Egg-Laying Bunnies and Mad March Hares

Rabbit On Grassy Field
Tracy Mathis / EyeEm / Getty Images

Spring equinox, or Ostara, is a time for fertility and sowing seeds, and so nature's fertility goes a little crazy. The rabbit—for good reason—is often associated with fertility magic and sexual energy.

So how did we get the notion that a rabbit comes around and lays colored eggs in the spring? The character of the "Easter bunny" first appeared in 16th-century German writings, which said that if well-behaved children built a nest out of their caps or bonnets, they would be rewarded with colored eggs left in the night by an Easter Hare.

This legend became part of American folklore in the 18th century, when German immigrants settled in the eastern U.S.

Rabbit Folklore

In medieval societies in Europe, the March hare was viewed as a major fertility symbol—this is a specific species of lepus that is nocturnal most of the year, but in March when mating season begins, there are bunnies everywhere all day long. The female of the species is superfecund and can conceive a second litter while still pregnant with a first. As if that wasn't enough, the males tend to get frustrated when rebuffed by their mates (go figure) and bounce around erratically when discouraged.

Ever hear the phrase "mad as a March hare"? There's a reason for that—this is the time of year when rabbits tend to go a bit bonkers. Although the phrase itself is often attributed to Lewis Carroll's Alice in Wonderland adventures, it actually appears much earlier. A similar expression is found in Chaucer's Canterbury Tales, in the Friar's Tale:

For though this man were wild as is a hare,
To tell his evil deeds I will not spare.

Later, it appears in both the writings of Sir Thomas More, with "As mad not as a March hare, but as a madde dogge,"and later in a 16th-century book of proverbs.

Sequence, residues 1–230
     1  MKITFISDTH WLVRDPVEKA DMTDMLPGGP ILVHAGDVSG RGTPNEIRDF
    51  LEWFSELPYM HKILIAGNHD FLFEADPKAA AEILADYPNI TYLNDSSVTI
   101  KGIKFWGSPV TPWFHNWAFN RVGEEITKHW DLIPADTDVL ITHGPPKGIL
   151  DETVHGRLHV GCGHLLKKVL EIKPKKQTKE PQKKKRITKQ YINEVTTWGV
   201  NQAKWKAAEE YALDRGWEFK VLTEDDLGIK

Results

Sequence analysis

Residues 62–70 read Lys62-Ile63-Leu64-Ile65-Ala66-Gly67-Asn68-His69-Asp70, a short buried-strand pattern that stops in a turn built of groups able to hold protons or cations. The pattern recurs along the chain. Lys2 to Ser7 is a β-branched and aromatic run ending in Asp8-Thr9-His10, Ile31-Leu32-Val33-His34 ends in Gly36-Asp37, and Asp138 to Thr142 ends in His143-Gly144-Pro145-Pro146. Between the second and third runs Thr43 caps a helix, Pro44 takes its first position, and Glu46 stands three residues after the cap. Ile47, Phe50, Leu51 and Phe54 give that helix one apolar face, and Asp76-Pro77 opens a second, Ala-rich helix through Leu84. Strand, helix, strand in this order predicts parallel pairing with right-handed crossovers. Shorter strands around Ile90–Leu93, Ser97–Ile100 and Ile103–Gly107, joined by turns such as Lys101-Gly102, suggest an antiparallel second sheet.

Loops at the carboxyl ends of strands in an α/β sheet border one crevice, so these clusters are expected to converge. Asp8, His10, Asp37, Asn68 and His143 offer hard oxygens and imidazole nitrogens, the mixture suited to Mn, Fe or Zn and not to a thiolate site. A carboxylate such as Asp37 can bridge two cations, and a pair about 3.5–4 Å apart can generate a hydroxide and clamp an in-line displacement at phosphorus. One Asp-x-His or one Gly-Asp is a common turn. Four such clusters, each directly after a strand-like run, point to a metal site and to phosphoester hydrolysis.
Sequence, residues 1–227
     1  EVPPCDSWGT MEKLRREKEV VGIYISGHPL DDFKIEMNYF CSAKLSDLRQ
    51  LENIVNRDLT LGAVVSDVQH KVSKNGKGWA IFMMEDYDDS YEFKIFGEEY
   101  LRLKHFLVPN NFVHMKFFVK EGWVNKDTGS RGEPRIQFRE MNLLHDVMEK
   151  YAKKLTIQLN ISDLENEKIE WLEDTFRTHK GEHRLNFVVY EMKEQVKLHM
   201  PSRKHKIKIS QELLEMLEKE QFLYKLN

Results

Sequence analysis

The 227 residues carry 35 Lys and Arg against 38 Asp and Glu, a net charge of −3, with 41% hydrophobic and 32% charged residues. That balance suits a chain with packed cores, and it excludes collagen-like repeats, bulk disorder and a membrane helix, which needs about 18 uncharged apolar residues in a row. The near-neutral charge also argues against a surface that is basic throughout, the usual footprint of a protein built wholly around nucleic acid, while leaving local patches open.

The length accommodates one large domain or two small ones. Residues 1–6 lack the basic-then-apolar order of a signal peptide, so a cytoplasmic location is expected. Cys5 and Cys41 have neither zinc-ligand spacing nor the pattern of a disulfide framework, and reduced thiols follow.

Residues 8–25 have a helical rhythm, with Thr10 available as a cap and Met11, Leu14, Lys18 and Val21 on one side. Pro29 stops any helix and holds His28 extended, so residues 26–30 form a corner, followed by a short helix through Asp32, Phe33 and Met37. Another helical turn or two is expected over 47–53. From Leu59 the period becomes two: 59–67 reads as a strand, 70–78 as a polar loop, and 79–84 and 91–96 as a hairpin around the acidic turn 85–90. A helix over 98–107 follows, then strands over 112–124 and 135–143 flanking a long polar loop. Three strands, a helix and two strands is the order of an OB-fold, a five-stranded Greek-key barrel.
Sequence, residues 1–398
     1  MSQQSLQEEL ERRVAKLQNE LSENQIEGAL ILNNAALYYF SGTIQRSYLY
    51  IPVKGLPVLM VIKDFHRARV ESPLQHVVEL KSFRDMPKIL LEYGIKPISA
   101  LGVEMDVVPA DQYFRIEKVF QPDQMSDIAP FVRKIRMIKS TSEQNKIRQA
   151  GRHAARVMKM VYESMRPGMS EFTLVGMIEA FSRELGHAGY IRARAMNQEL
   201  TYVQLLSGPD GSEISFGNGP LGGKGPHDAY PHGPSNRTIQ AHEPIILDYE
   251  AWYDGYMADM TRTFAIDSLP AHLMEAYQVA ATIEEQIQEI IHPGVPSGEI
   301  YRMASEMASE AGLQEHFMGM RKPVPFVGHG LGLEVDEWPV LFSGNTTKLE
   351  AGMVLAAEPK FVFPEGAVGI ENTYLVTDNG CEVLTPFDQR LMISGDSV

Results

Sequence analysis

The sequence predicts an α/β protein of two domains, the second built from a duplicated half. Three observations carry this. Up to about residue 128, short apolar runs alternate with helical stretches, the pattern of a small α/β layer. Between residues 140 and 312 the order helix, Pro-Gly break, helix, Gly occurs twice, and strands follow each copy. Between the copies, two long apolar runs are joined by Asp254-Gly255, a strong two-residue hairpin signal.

Author and folklorist Suzanna Linton says, "Rabbit as a trickster is a motif seen all over Western culture...In some Native American lore, the rabbit is credited with killing the sun (after going on a rampage of his own) through trickery but also for bringing fire to man (a gift some tribes credit to the raven, who is another trickster animal)."

Rabbit Magical Energy

So how can you channel this frantic, fertile energy into a magical working? Let's look at some possible uses for some of that "mad March hare" energy in magic.

  • Fertility rituals: place a rabbit skin under your bed to bring fertility and abundance to your sexual activities. If you're opposed to the use of real fur, use some other symbol of the rabbit that you're more comfortable with.
  • The obvious one—a rabbit's foot is said to bring good luck to those who carry it, although one might argue that it's not so lucky for the rabbit.
  • To bring yourself boundless energy, carry a talisman engraved or painted with a rabbit's image.
  • If you have wild rabbits or hares that live in your yard, leave them an offering of lettuce, shredded carrots, cabbage, or other fresh greens. In some magical traditions, the wild rabbit is associated with the deities of spring.
  • Rabbits and hares are able to go to ground quickly if in danger. Add a few rabbit hairs to a witch bottle for protection magic.
  • In some legends, rabbits and hares are the messengers of the underworld— after all, they come and go out of the earth as they please. If you're doing a meditation that involves an underworld journey, call upon the rabbit to be your guide.
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    Wigington, Patti. "Egg-Laying Bunnies and Mad March Hares." ThoughtCo, Nov. 9, 2017, thoughtco.com/egg-laying-bunnies-and-mad-march-hares-2562459. Wigington, Patti. (2017, November 9). Egg-Laying Bunnies and Mad March Hares. Retrieved from https://www.thoughtco.com/egg-laying-bunnies-and-mad-march-hares-2562459 Wigington, Patti. "Egg-Laying Bunnies and Mad March Hares." ThoughtCo. https://www.thoughtco.com/egg-laying-bunnies-and-mad-march-hares-2562459 (accessed November 23, 2017).